Featurei-actFAA levels 1,2,3MHFA England
Proactive – designed to prevent mental ill healthYesNoNo
Specifically designed for the workplaceYesNoNo
Accredited course for delegatesYesYesNo
Over 50 tools for self- care/building resilienceYesNoNo
Signposting to professional helpYesYesYes
Delivered virtually or classroomYesYesYes
Instructors can deliver nationallyYesYesNo

I’ve been so impressed by i-act’s proactive standpoint of aiming to prevent mental ill health in the workplace, vast array of self-help tools as well as tools to evaluate and develop skills of those delivering first stage support, that after 12 years as a MHFA England Instructor, I will no longer be delivering their products.  

For employers who do like a formal, first aid approach to mental health, the FAA Levels 1, 2 and 3 deliver Ofqual regulated accreditation on the same three adult programmes MHFA England offers – half day awareness, one day champion and two-day first aider.

In this day and age, it’s more important than ever for employers to select the right product for their environment and team.  Having the choice between accredited/non accredited and proactive/reactive training enables them to make this choice confidently and cost effectively.

200 hours completed!

Around May 2019, I saw a news feature with Duke & Duchess of Cambridge launching the 24/7 UK crisis text line Give Us A Shout.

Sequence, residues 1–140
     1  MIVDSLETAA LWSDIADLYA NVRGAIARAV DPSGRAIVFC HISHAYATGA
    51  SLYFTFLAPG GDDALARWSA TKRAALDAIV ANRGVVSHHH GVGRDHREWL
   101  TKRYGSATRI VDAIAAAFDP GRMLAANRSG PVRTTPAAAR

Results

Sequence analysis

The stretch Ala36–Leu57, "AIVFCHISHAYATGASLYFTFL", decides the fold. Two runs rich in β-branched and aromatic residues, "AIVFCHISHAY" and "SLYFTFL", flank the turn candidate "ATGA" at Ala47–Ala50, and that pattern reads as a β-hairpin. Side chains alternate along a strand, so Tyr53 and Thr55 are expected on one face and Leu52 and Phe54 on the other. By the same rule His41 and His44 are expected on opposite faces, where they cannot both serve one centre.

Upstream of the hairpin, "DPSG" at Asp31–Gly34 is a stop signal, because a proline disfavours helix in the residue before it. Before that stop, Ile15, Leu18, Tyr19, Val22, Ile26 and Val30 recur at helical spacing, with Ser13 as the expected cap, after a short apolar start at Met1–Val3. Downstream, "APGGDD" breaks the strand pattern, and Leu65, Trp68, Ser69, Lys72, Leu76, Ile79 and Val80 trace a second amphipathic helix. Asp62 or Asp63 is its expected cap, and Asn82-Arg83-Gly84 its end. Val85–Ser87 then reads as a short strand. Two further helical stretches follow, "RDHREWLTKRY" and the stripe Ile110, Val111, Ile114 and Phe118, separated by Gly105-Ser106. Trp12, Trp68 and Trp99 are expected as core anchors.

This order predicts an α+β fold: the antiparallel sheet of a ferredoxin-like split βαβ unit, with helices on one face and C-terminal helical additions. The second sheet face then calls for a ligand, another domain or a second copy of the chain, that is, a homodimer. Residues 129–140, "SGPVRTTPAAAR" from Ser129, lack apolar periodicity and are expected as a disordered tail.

The idea seemed simple and brilliant. Mobile providers waived their fees for texts to this service. Anyone struggling with their emotions from feeling lonely to idealation to complete suicide, any age, could text the word SHOUT to 85258 and get help to take them from a hot moment to a cool calm.

As a completely text service 24/7, those struggling didn’t have to overcome fear or anxiety of speaking to someone via a telephone line. Nor did they have to take part in a video call.

Completely anonymous.

This idea peaked my interest. The new launch was to engage with volunteers to train to go on the platform and support. The training was long and intense.

A coach is assigned from joining Give Us A Shout until a volunteer decides to leave.

This wrap around support for texters and volunteers is unique so I applied and thankfully was accepted.

Starting off as a baby chick (new volunteer) I could only take one texter at a time. The commitment is to give 200 hours to the platform before deciding to leave.

That target seemed light years away and completely unattainable. However, I received the following email from my Coach – I didn’t even realise I passed the landmark!

Congratulations on having spent 200 hours on the Platform.